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Do \clubpenalty or \widowpenalty extend beyond the paragraph in which they are issued? Specifically, if I put

   First paragraph blah blah \clubpenalty10000 blah blah...

   Next paragraph blah blah blah...

   Next paragraph blah blah blah...

does the penalty value set in the first paragraph continue to subsequent paragraphs? I'm sure this is no mystery, but I'm not able to find the relevant documentation.

My objective is to correct one bad pagebreak within a very long, complicated document. I want to solve the problem locally, and I think this will be less effort than the approach of putting \enlargethispage{-\baselineskip} on facing pages in this two-sided format.

  • The scope of any TeX macro it its group -- using "group" in hte TeX sense of the word. – Mico Feb 10 '17 at 1:04
  • it is a local counter so lasts to the end of the group or until reset but it's not a very convenient way of controlling the breaks for a specific paragrah. It's much easier in that case just to force the required linebreak putting \linebreak where you want a line to break. or \nopagebreak or whatever (but often its better to alter the line breaking than keep the linebreaking and break the page at a different place) – David Carlisle Feb 10 '17 at 1:10
  • David, thanks. This text gets edited quite often, and the break points change from version to version - I'm hoping for a solution that works in this version but that I won't need to find and rework in the next version (e.g., by removing or moving a \linebreak). In this specific version, I've got a club line that I'd like to have reflow in to something less ugly - letting tex figure out how to readjust the rest? – John Feb 10 '17 at 1:17
  • It should be mentioned that every environment is in its own group, and the \begin and \end macros will check for proper nesting. – John Kormylo Feb 10 '17 at 1:45
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You asked,

Do \clubpenalty or \widowpenalty extend beyond the paragraph in which they are issued?

In general, the scope of any TeX macro is (the rest of) the group it is set in (or reset in), where "group" is used in the TeX sense of the word. A paragraph break doesn't (usually) trigger "end of group" criterion.

Consider the following example:

\documentclass{article}
\clubpenalty10000
\begin{document}

bla bla bla \the\clubpenalty

\begingroup % start a group
\clubpenalty1000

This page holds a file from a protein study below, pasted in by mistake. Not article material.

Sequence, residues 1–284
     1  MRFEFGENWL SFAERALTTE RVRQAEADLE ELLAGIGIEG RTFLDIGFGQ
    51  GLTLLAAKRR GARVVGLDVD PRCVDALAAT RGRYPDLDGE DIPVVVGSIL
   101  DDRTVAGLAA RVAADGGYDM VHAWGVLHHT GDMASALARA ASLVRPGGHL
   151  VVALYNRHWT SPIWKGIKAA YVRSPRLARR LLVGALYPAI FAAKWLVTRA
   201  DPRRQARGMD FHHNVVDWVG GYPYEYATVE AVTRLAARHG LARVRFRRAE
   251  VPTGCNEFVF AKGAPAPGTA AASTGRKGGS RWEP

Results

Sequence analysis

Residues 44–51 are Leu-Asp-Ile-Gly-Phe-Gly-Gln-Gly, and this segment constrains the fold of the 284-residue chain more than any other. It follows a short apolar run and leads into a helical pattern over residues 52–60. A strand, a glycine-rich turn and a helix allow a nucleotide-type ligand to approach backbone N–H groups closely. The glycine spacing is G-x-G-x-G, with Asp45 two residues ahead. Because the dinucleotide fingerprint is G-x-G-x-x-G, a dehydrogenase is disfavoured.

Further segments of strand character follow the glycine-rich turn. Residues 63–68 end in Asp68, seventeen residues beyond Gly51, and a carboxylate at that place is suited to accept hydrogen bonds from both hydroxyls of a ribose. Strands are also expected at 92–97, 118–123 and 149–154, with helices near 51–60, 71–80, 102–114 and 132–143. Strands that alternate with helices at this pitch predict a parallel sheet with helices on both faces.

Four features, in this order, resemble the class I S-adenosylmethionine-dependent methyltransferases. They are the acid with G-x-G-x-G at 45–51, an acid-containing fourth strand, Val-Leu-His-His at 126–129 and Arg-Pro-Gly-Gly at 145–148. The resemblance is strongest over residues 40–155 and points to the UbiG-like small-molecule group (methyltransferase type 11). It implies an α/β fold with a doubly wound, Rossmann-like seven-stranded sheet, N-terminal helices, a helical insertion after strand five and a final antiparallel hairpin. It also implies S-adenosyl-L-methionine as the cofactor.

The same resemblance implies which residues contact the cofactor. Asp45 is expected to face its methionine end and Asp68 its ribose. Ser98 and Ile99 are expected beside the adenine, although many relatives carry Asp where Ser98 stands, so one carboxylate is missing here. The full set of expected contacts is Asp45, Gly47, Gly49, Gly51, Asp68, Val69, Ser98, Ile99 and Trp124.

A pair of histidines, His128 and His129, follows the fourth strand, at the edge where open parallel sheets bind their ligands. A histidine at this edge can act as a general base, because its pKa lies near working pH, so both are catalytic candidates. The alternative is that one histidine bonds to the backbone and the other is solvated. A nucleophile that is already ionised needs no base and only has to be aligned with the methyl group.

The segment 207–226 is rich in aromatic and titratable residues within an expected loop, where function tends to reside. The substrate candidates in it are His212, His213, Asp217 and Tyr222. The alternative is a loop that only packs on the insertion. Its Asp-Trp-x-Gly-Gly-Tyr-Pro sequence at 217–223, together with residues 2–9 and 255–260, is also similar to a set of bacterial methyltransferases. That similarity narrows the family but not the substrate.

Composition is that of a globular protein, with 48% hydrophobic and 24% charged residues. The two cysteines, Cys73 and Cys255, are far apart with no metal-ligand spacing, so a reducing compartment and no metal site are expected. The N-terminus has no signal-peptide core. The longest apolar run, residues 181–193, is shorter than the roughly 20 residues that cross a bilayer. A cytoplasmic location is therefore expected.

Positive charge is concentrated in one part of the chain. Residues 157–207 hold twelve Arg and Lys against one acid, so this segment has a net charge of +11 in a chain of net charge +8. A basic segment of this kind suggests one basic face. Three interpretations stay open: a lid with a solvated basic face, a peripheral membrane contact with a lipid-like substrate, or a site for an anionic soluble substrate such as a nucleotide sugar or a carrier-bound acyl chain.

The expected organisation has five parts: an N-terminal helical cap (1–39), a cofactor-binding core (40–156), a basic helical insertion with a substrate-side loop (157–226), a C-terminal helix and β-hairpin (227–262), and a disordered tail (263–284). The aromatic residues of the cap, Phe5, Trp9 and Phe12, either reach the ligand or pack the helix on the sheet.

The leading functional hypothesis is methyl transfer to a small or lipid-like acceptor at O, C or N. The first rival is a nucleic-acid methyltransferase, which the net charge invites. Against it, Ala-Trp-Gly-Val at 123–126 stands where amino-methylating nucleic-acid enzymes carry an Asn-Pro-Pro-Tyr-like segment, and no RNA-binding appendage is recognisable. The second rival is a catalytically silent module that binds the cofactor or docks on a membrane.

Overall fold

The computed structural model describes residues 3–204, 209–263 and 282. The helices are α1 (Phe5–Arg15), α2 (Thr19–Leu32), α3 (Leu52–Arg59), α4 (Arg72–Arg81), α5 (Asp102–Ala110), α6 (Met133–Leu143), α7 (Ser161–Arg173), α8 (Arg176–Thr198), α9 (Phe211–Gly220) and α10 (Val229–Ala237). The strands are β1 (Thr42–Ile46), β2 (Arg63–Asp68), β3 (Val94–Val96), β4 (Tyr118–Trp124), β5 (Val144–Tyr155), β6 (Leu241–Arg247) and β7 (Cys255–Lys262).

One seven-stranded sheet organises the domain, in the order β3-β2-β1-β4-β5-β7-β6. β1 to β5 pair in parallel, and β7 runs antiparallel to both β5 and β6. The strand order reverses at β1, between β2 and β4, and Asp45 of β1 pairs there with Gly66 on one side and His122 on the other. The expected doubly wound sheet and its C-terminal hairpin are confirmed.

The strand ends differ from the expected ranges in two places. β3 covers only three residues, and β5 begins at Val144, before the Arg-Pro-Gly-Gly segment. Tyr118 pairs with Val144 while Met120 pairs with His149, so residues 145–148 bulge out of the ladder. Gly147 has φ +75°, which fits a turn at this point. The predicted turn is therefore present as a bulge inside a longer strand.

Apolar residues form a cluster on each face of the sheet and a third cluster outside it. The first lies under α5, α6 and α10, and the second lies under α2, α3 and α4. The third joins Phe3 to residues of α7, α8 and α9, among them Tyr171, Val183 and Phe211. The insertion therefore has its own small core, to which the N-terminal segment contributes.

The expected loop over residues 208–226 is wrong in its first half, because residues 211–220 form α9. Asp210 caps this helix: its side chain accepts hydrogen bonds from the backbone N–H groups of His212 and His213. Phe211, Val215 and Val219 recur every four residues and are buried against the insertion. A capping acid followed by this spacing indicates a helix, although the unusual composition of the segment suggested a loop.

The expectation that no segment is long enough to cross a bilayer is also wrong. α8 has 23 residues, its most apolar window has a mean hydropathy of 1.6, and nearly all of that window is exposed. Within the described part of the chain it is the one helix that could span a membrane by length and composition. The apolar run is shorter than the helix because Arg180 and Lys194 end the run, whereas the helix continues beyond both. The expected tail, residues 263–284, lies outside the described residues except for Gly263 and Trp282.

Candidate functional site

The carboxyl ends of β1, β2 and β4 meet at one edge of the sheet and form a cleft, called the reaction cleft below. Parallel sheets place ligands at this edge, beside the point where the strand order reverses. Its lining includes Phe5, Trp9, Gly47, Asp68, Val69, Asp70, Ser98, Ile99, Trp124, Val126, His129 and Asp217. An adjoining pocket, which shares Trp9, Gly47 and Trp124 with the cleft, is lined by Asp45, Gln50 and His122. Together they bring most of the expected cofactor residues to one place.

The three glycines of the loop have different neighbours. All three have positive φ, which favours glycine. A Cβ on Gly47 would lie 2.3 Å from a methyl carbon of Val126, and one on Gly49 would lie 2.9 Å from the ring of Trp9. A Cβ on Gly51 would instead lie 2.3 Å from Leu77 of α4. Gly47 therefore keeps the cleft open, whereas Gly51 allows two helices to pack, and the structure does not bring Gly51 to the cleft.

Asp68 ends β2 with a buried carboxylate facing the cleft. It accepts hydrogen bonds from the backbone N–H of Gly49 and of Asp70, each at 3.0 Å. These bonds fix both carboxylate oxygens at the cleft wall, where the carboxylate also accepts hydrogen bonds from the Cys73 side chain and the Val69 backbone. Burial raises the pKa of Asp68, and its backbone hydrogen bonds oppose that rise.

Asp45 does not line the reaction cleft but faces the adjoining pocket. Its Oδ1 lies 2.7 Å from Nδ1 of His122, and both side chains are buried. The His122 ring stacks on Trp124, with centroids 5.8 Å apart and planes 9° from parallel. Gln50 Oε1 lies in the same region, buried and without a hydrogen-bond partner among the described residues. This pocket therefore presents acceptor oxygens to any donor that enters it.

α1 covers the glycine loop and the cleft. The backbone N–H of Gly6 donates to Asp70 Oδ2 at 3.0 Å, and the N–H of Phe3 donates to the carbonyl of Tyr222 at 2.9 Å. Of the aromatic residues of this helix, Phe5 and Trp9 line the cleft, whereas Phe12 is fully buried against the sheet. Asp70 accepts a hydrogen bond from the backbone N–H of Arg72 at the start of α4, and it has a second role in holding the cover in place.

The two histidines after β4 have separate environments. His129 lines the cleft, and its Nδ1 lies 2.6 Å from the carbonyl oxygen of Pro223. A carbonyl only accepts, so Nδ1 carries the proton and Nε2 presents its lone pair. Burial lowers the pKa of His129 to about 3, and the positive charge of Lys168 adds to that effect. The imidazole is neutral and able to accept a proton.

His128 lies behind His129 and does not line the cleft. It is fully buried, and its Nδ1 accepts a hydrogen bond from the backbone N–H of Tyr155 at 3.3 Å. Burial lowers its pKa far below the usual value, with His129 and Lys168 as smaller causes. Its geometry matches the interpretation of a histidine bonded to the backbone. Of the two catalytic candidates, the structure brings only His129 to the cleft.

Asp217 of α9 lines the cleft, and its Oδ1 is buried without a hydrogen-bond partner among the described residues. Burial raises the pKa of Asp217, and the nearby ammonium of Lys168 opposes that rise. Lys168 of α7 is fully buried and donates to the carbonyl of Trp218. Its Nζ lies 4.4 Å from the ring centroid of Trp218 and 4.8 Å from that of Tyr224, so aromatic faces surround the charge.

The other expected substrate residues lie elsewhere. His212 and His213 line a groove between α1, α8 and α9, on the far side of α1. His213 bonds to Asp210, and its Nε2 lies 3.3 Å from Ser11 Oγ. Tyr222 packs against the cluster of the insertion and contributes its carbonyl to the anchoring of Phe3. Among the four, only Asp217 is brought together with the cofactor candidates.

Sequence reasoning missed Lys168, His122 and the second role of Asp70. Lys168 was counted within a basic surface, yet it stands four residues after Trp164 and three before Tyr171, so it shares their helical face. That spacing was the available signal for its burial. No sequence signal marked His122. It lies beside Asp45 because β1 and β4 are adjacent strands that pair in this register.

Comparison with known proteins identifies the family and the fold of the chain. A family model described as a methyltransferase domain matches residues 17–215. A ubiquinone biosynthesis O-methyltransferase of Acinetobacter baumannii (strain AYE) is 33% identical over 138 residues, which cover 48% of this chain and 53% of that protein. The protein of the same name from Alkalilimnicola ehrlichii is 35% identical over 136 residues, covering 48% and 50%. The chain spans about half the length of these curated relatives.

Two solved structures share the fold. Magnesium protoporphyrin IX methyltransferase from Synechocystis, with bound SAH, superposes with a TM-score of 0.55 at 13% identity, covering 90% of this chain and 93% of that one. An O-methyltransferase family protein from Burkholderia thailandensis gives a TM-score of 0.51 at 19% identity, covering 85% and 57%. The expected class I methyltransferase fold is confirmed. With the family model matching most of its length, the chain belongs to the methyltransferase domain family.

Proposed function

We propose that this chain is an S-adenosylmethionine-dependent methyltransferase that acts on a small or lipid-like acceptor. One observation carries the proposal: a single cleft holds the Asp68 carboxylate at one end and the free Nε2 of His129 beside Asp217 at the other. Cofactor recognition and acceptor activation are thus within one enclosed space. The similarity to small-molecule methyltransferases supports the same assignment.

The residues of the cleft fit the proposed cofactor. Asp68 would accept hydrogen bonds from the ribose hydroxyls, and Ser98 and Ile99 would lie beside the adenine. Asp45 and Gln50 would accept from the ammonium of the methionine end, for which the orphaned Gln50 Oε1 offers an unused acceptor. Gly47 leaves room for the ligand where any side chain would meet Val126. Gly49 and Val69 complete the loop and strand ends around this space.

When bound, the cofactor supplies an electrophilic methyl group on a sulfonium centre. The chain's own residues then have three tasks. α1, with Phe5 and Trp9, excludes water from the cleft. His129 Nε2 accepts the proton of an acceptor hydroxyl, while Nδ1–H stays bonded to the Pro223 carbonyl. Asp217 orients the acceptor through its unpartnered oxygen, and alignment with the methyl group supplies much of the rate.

bla bla bla \the\clubpenalty
\endgroup

$ % start a math group
\clubpenalty100 
\mbox{bla bla bla }
\the\clubpenalty
$ % paragraph ends after end of math group

bla bla bla \the\clubpenalty % 10000? 1000? 100?
\end{document}

What do you think the final value of \clubpenalty is: 100? 1000? 10000?

Two clarifications. First, as David Carlisle has pointed out in a comment, there are some macros -- e.g., \looseness -- that are reset automatically for each paragraph. For such macros, a paragraph break does (implicitly) act similarly to an end-of-group marker.

Second, if a macro comes into play only while TeX is exercising its paragraph-building algorithm -- \clubpenalty is an example of such a macro -- it's the value of the macro in force at the very end of the paragraph that is used for that paragraph. In the middle paragraph of the example code shown aove, the math group ends before the paragraph ends. Hence, the value of \clubpenalty which gets used for that paragraph is 10000, not 100.

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    i think that's over simplifying things as for example the otherwise similar looking \looseness is reset at the end of a paragraph also the effective value of \clubpenalty is the value at the end so in your middle para it is not 1000 but 10000 as the paragraph ends outside the group. – David Carlisle Feb 10 '17 at 1:43
  • Sigh .. I had hoped it would be as simple as a local change to \looseness. – John Feb 10 '17 at 2:05
  • In this particular case, my "paragraph" is the text beyond an \item within a special environment (for making a list of problems), so I gather from the responses of John Kormylo, Mico, and David that the value I'm proposing to set would not leave this environment in any case. I'm less clear as to whether my \item itself constitutes a group? – John Feb 10 '17 at 2:10
  • @John - The enumerate (or itemize) environment forms a group. Giveaway: the \begin{<env>} ... \end{<env>} syntax. – Mico Feb 10 '17 at 5:49
  • @Mico - Thanks, and in fact your tactic of putting \the\clubpenalty shows that the group ends once the text of the next \item begins (although not immediately after the \item command itself). So in the present case, I can change clubpenalty for this single entry. – John Feb 10 '17 at 15:07

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